Plastic Surgery Research Council

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Systematic Review and Guidelines for Perioperative Management of Pediatric Free Tissue Transfer Patients
Paschalia M. Mountziaris, MD/PhD1, Craig T. Fournier, MD1, Joseph A. Ricci, MD1, Courtney A. Carpenter, MD1, Kristen M. Rezak, MD2, Ashit Patel, MBChB1.
1Albany Medical Center, Albany, NY, USA, 2Duke University Medical Center, Durham, NC, USA.

PURPOSE: Microsurgical free tissue transfer has gained popularity for various reconstructive applications in children, with successes reported despite the technical challenge of small caliber vessels. Although several recent publications describe strategies for perioperative care of adult free tissue transfer patients, no guidelines exist for children. The goal of this study was to identify the best available evidence on perioperative management of pediatric patients undergoing free tissue transfer, and to develop evidence-based recommendations to optimize outcomes.
METHODS: A systematic review of the literature was conducted in Pubmed, Embase, Scopus, and Cochrane Library databases from inception until June 2017. Two reviewers screened the search results to identify strategies to guide perioperative care of pediatric free tissue transfer patients. Due to the scant, low-level evidence found upon preliminary search of the pediatric microsurgical literature, both pediatric anesthesia guidelines for healthy children undergoing major surgeries as well as specific studies of pediatric free tissue transfer patients were included.
RESULTS: 170 articles were selected, their full text was reviewed, and 47 articles met criteria. Reasons for exclusion included vague / absent descriptions of perioperative care parameters, case reports, and studies of syndromic or chronically ill children. Management approaches specific to the pediatric population were identified, classified according to level of evidence (LOE), and used to formulate recommendations in six categories: patient temperature, anesthesia, fluid administration/blood transfusion, anticoagulation, and vasodilator use (see Table).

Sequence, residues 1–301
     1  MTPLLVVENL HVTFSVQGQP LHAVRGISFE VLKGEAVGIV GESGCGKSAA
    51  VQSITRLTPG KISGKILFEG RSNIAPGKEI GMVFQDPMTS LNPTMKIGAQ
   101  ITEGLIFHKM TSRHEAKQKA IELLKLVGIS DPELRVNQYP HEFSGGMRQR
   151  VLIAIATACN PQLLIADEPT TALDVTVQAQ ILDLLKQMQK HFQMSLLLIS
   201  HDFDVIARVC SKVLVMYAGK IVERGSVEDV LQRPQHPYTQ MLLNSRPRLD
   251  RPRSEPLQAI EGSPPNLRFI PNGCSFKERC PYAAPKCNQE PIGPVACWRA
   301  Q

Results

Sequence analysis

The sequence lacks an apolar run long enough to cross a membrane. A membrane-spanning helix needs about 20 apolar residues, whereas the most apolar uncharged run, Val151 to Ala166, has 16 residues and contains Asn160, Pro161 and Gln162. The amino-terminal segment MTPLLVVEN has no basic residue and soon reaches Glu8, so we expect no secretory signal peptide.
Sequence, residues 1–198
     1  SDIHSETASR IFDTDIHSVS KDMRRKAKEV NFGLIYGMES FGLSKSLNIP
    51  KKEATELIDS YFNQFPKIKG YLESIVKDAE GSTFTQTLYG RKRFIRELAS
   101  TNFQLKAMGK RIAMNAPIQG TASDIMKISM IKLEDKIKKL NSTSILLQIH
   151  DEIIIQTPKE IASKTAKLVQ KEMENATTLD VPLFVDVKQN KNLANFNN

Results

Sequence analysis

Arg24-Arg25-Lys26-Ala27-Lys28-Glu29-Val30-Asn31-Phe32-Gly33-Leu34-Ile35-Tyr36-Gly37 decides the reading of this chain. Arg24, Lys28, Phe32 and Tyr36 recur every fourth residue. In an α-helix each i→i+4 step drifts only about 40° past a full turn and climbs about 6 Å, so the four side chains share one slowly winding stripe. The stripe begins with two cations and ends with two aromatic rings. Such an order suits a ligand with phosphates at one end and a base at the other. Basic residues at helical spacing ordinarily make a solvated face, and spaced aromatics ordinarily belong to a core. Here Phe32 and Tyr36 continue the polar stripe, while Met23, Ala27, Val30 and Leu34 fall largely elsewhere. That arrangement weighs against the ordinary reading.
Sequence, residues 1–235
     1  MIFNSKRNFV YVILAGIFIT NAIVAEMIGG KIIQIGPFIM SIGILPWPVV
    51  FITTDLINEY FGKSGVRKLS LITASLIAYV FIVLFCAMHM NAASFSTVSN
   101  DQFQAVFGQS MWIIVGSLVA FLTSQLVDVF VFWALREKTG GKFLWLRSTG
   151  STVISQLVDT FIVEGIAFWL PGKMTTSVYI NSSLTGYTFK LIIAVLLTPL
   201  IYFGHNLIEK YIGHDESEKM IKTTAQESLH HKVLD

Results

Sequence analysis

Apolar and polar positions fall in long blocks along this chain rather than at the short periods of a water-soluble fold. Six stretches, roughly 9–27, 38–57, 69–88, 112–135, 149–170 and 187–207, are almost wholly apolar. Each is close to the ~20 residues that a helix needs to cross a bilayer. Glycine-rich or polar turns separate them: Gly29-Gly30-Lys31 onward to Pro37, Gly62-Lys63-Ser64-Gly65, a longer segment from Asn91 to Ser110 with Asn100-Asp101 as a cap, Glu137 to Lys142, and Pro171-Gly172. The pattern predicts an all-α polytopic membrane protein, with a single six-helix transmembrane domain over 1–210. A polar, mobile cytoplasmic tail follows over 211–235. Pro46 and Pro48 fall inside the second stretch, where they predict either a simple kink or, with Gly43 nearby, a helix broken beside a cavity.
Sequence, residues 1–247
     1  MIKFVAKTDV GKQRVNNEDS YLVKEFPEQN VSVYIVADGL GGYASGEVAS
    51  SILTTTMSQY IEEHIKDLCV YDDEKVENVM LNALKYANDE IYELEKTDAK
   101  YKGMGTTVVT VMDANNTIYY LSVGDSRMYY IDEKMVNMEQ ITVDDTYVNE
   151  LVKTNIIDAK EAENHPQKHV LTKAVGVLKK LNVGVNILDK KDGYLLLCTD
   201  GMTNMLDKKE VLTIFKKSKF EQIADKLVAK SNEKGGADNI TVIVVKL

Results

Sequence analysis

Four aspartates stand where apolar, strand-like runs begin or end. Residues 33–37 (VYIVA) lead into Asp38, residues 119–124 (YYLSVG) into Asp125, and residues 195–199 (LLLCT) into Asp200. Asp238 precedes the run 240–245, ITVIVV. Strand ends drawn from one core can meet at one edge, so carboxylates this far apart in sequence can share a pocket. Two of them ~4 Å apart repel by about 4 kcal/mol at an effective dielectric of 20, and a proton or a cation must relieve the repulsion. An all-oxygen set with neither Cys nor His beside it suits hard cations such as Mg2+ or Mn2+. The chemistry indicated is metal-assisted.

CONCLUSION: High quality (LOE 1) data was found for all but patient temperature (LOE 3) and vasodilator use (LOE 4) in the pediatric anesthesia literature, while the microsurgical literature provided LOE 3 data for anesthesia and analgesia, and LOE 4 data for all other categories. Key recommendations include administration of sevoflurane to induce general anesthesia, with supplemental regional blocks placed under ultrasound guidance (LOE 1). Regional sympathetic blockade improves outcomes in upper extremity microsurgery, and should be continued for postoperative pain control (LOE 3). A multimodal analgesia strategy should be implemented including NSAIDs (LOE 1). Preoperative fasting should be limited to 2-6 hours (LOE 1). Isotonic crystalloid should be used perioperatively (LOE 2), and transfusions restricted until hemoglobin <7 g/dl (LOE 1). Venous thromboembolism prophylaxis administration should be based on risk assessment, with chemical prophylaxis reserved for high risk patients, ideally with low molecular weight heparin (LOE 1). These guidelines serve as an important first step toward standardization of perioperative care in pediatric free tissue transfer to improve outcomes and minimize complications.


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